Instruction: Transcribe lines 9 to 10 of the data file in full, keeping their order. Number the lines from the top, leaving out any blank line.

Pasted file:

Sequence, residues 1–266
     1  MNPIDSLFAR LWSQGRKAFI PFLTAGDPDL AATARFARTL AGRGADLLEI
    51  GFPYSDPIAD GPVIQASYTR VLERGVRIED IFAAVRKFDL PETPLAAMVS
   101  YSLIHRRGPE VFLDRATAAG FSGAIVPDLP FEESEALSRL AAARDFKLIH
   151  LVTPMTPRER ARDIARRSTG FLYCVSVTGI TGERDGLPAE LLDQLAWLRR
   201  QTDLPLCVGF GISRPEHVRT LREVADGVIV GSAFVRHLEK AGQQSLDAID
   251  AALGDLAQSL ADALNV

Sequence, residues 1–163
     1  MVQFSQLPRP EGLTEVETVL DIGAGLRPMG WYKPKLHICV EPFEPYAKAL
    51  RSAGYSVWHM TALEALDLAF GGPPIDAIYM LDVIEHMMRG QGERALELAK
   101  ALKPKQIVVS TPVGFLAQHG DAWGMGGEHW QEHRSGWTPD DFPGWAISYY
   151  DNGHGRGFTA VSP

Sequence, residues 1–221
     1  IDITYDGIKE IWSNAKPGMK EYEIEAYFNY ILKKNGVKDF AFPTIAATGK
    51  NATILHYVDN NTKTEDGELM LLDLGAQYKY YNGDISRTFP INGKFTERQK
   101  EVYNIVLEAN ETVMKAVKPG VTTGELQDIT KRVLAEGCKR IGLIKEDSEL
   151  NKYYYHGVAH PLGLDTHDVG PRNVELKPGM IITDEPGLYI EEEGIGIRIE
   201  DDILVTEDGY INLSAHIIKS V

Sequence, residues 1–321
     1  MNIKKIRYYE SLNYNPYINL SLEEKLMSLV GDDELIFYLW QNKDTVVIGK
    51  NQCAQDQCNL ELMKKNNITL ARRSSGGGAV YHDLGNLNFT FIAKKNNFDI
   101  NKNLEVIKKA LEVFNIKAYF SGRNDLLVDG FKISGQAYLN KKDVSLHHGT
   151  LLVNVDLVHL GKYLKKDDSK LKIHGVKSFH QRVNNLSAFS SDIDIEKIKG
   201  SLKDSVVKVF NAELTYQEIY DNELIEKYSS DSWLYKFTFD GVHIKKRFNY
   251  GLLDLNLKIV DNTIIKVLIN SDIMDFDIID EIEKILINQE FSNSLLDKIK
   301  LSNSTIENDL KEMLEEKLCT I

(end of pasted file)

     1  MVQFSQLPRP EGLTEVETVL DIGAGLRPMG WYKPKLHICV EPFEPYAKAL
    51  RSAGYSVWHM TALEALDLAF GGPPIDAIYM LDVIEHMMRG QGERALELAK